Shaitan is like a pivoting cinematic reel that projects the darker side of us, mirroring our inner devilish selves when confronted with a tough situation. The emotion is subtly plugged in yet beautifully told, through the hellish story of a bunch of young brats in artistic style.
Amy Jaishankar (Kalki Koechlin) is an emotionally disturbed college girl after she witnesses the suicide of her Mother in her childhood. Brought up by a loving Father and step-mother, she seeks emotional security which she tries finding in her mother’s memories or sketches.
At a Party, she happens to meet KC who introduces her to a group of young, rich druggy drinkers and they mix in faster than tequila with orange juice. What follows is a heady spin of brash fun, more drinking and drugging, until that night, when KC rams their racing Hummer into a bike, killing the rider and the pillion. Bamboozled by the accident, the group makes an escape plan, which is discovered by a corrupt Police officer investigating the case. To cough up the hefty bribe, Amy decides a naive plan to be self-kidnapped by her friends, unaware of the gruesome consequences. The rest is for you to find out for yourself and recognise your ‘inner Shaitan’ while doing so.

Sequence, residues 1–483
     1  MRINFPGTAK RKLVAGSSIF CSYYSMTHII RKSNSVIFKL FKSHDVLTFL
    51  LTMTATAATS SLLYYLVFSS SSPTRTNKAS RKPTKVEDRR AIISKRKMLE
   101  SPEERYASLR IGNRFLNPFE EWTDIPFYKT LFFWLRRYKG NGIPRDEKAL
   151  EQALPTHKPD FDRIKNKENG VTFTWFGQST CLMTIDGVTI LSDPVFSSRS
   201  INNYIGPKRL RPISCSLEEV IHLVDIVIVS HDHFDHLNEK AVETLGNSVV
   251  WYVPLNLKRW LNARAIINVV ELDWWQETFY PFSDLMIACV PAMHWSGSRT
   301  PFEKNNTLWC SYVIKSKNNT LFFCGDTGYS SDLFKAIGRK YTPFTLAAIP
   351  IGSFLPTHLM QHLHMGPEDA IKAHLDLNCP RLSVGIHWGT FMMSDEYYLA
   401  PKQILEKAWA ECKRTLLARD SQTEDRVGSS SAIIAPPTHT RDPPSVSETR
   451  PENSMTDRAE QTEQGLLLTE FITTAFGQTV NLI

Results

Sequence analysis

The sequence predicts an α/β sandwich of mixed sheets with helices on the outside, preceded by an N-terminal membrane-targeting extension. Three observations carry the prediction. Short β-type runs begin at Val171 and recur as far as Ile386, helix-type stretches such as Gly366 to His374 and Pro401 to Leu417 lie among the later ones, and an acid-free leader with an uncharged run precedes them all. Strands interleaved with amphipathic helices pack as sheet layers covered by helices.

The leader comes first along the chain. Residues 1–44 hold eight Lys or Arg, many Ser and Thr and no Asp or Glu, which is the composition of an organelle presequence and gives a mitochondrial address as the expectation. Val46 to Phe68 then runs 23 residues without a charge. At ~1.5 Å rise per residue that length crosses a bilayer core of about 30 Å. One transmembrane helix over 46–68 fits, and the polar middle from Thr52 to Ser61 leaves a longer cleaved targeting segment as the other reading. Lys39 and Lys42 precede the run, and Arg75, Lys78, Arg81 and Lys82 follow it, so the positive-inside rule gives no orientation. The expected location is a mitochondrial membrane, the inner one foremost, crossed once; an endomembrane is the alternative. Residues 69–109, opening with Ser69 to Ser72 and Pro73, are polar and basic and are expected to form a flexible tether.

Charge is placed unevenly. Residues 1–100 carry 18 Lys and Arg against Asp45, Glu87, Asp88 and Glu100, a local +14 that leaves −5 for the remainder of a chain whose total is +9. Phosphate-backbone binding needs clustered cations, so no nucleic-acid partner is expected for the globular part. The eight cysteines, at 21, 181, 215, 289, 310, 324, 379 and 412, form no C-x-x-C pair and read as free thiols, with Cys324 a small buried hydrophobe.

What is impressive about the film is the realistic foothold on the screenplay, coupled with outstanding cinematic storytelling. The fast-paced film is very unlike the usual linear thrillers, instead it is a well-balanced see saw of the dark and the light side of us humans. Kitschy use of music, a palpable script and a different narrative grips the audience in a series of emotions.
The Actors – Gulshan Devaiya, Shiv Pandit, Kirti Kulhari, Neil Bhoopalam, and Kalki of course, deserve applause as they immerse into their characters, never for a moment seeming Bollywoodishly unreal. Neither over-real. Rajeev Khandelwal as the ‘angry young cop’ is super. The director has utilized them all well.
The screenplay would be a pleasure to read, like Dan Brown’s The Da Vinci Code – simply ‘unputdownable’. And executed in Kashyap style, the screenplay has been narrated to zing up the entire treatment of the film. Peppered with light humour, the film does not leave you heavy-headed or feeling woozy. It is simply a well-grounded filmic delight.